Two Hungarian construction crews have arrived in Washington and are hard at work building fences and fashioning the intricate details of the Festival’s twenty-three-foot-tall Peacock Tower.
One crew consists of master carpenters from the Kalotaszeg region of Transylvania (Romania) who specialize in the renovation of historic structures. Headed by foreman Gyula Szilágyi and engineer Sándor Herpai, they are working at a Virginia millshop to construct the Dance Barn and Peacock Tower, two of the most emblematic structures for the Hungarian Heritage program.
The other crew, led by architectural engineer Miklós Buzás, consists of master craftsmen from Hungary’s Open Air Museum in Szentendre, located just north of Budapest. In addition to building structures for the crafts area, the crew is also tackling the construction of a fence and various pieces of furniture, from tables and benches to planters and bar counters. They have also “set up shop” in a comfortable home in the Petworth neighborhood. We particularly enjoyed recent snapshots of a dinner they prepared together. These guys aren’t just talented woodworkers—they can cook, too!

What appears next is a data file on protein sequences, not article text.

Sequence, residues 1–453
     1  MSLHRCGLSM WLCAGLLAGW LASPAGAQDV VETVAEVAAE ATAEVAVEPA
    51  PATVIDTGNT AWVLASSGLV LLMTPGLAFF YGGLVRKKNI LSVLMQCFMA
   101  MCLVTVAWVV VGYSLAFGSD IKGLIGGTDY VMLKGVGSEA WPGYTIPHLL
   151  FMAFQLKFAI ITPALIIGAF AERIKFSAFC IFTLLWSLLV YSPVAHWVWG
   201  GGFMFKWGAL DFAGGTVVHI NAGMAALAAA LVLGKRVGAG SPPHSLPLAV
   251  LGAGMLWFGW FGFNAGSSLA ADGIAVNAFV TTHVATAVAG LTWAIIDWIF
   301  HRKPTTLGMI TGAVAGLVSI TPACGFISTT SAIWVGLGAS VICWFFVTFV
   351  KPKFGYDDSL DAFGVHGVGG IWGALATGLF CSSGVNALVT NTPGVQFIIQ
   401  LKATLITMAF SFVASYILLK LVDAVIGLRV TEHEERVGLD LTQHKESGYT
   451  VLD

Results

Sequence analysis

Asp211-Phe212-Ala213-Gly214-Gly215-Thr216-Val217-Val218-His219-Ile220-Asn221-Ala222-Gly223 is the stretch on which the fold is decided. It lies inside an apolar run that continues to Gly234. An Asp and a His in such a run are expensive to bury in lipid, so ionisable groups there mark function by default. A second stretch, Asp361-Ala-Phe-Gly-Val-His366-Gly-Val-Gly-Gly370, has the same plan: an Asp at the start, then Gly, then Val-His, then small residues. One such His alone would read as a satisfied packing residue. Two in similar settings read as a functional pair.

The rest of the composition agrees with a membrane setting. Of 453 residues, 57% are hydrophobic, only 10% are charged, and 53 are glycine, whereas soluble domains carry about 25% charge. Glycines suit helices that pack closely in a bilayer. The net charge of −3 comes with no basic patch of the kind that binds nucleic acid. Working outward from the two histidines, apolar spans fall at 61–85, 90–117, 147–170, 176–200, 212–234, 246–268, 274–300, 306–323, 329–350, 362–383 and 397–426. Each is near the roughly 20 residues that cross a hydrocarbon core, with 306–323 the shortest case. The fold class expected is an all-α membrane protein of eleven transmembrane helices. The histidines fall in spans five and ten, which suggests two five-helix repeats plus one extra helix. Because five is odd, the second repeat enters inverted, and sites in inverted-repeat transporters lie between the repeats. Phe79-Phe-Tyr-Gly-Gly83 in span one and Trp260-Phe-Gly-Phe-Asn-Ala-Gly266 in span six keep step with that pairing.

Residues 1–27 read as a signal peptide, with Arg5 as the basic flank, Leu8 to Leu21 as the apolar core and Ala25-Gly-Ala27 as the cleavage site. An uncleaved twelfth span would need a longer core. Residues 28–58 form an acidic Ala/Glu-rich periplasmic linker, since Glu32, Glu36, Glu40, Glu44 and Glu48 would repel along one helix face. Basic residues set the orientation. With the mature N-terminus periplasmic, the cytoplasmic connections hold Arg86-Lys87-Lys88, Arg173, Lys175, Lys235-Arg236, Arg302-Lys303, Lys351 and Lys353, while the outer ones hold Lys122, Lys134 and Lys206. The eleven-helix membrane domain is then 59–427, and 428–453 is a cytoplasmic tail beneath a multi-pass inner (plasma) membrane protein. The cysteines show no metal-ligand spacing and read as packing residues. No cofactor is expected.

It’s exciting to see the designs—the product of months-long collaborative efforts between the Smithsonian Institution and the Balassi Institute in Budapest—come to life under the hands of these expert carpenters and craftsmen. Between workdays, with sightseeing and a jaunt to the beach, these skilled workers from Hungary seem to be making the most of their time here in Washington. Make the most of yours and come see the fruits of their labor!
Click on photos to enlarge and view captions. All photos courtesy of Zsuzsanna Cselenyi.
Hannah Davis and Andrea Sandor are both interns with the Hungarian Heritage program this summer. Hannah is a senior at Indiana University pursuing a degree in folklore, and is vice president of IU’s Hungarian Cultural Association. Andrea is a Master’s student in anthropology at George Washington University, and is writing her thesis on Hungarian folk dance and festivals in Hungary and the United States.